Bryan, AI means Ackley Improved. P.O. Ackley was a famous gunsmith that discovered if you change the chamber's shoulder angle, the barrel's throat will last a lot longer or you could run hotter loads. The modification to the gun is nothing more than running a special made reamer in the chamber. Of course you must fire form your brass with light loads then use a special 25-'06 AI sizer die when reloading.
Some folks say it improves accuracy but it really doesn't unless you were doing something wrong with the standard 25-'06 loads to start with. The Ackley improved shoulder has been applied to many different cartridges that are known barrel eaters. Actually "throat eaters" to be more exact. You can accomplish the same affect by using a powder charge that is slightly reduced, typically 5% less than factory standard loads. Of course you will reduce velocity whereas with the Ackley improved shoulder angle, you can shoot full velocity loads and enjoy a longer barrel life.
I was very fortunate to meet Mr Ackley many times back in the early '70s. He was often a guest instructor at the gunsmith school in Trinidad, CO, which he founded. P.O. was the best "wildcatter" in the world plus he was a very accomplished rifle smith. During one class, he explained how the neck of the cartridge acted almost like a lens in a camera to focus the pressure on the base of the bullet. By optimizing the angle of different cartridges, you could run them with hotter loads or in the case of barrel eaters, improve barrel life without compromising power. He never claimed any improvement in accuracy. P.O. died in '89 so many of the Ackley Improved cartridges you see are not "true" Ackley and many of the claims of accuracy improvements have been embellished over the years.
Bryan, The 25-'06 is a known "barrel eater" so rather than increasing velocity, the Ackley improvement is intended for increasing barrel life (reducing throat erosion). The typical factory load with a 100 gr bullet (optimum bullet weight) runs about 3200 fps from a 24" barrel. With the Ackley Improved chamber, you can run up to 3350 fps with the same bullet (about 5% increase), however running loads that hot will erode the throat just as fast as a non-improved chamber with standard factory ammo.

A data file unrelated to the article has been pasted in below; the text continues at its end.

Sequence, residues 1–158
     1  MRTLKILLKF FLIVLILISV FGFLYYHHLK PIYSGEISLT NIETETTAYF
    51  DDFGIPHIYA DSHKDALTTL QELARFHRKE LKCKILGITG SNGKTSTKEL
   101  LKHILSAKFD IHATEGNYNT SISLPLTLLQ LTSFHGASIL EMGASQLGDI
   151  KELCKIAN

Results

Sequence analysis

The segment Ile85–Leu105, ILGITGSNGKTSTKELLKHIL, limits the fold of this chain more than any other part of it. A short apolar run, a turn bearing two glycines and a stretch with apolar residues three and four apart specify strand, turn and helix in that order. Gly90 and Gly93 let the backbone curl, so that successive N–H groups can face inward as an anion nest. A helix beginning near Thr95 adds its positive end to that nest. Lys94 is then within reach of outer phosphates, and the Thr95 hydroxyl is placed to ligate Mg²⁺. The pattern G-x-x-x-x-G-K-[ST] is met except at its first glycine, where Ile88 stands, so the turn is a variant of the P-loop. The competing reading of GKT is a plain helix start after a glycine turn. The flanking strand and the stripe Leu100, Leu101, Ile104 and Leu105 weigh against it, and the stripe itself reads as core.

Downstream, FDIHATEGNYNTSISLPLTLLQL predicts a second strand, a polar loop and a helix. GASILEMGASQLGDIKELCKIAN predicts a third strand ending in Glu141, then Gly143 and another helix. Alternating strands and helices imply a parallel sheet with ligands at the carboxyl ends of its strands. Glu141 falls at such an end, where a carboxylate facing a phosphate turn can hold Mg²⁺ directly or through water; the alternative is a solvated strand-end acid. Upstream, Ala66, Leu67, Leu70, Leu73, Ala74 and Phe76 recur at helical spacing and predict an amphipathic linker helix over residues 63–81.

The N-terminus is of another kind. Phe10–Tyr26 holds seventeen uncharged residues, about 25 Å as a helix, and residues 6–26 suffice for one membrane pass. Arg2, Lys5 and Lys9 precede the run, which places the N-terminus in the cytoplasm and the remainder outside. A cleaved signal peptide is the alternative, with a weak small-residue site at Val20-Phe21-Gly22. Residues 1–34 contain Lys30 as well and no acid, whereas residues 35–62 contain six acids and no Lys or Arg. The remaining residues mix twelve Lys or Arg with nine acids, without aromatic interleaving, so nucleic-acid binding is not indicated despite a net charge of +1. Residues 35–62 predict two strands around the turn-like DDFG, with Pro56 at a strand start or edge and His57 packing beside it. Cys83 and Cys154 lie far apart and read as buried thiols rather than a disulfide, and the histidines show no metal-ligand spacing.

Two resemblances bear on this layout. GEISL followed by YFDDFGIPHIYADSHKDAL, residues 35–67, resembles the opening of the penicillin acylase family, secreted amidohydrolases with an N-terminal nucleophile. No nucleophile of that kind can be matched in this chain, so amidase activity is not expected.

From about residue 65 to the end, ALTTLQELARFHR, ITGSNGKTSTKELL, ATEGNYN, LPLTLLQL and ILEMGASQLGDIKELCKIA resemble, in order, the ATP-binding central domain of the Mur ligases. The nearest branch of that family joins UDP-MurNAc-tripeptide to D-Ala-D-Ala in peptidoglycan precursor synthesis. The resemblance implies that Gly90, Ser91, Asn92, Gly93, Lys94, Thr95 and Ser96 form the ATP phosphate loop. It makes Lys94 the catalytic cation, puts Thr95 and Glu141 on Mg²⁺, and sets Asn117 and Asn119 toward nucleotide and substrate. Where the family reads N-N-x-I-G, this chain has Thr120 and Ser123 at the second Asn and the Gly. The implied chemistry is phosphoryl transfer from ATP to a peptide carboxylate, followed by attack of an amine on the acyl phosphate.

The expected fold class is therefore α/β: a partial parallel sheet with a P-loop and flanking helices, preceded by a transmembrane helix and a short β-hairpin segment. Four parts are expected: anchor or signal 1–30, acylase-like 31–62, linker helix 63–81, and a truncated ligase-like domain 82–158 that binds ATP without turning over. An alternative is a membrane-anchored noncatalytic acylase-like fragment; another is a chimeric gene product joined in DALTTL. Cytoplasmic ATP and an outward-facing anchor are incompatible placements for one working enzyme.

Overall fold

Typical barrel life with a 25-'06 is about a 1000-1500 rounds. The 25-'06 AI is supposed to extend the barrel life to 1800-2000 rounds, assuming standard velocities.
Bryan, FYI ... any time you have a high cartridge diameter vs bullet diameter ratio, you have a potential for throat erosion. If you compound that ratio with a large capacity case, it increases the risk of throat erosion considerably. Rate of fire also has a big influence on throat erosion.
The 25-'06 has both characteristics so it will be a barrel eater or more specifically, throat eater. The 257 Roberts shoots the same diameter bullet and has the same case diameter to bullet diameter ratio as the 25-'06. Because is has less case capacity and runs about 200 fps slower, the barrel life is much longer (2500-4000 rounds). The worst known cartridge for throat erosion is a 264 Win Mag. Barrel life with full power factory loads is about 500 rounds. Some of the Weatherby cartridges are also short lived.
The worst thing you can do with a known barrel eater is to fire too many rounds in a short period of time. The steel in barrels is pretty resistant to erosion until it reaches 140-160 degrees. This, coincidentally, happens to be about the most heat your hand can stand without feeling burned. So ... place your hand on the chamber after firing. If it is too hot to hold, wait until it cools down. A typical rate of fire would be one round every 10-15 minutes.
As the chamber's throat erodes, accuracy and velocity will start to drop off very gradually at first then all of a sudden the gun shoots patterns instead of groups. Throat erosion is caused by the heat focused on a small area and the chamber pressure driving small carbon particles to the hot area. This affect is like a plasma cutter and sand blaster in one short operation.
The Ackley Improvement will help a lot but it is not a "fix all" for barrel life. You must still keep the velocity down to SAAMI standards and hold your rate of fire to where the chamber doesn't over heat. If it were my gun and I planned to shoot it a lot, I'd back off a couple hundred fps for target loads and save the full power loads for hunting.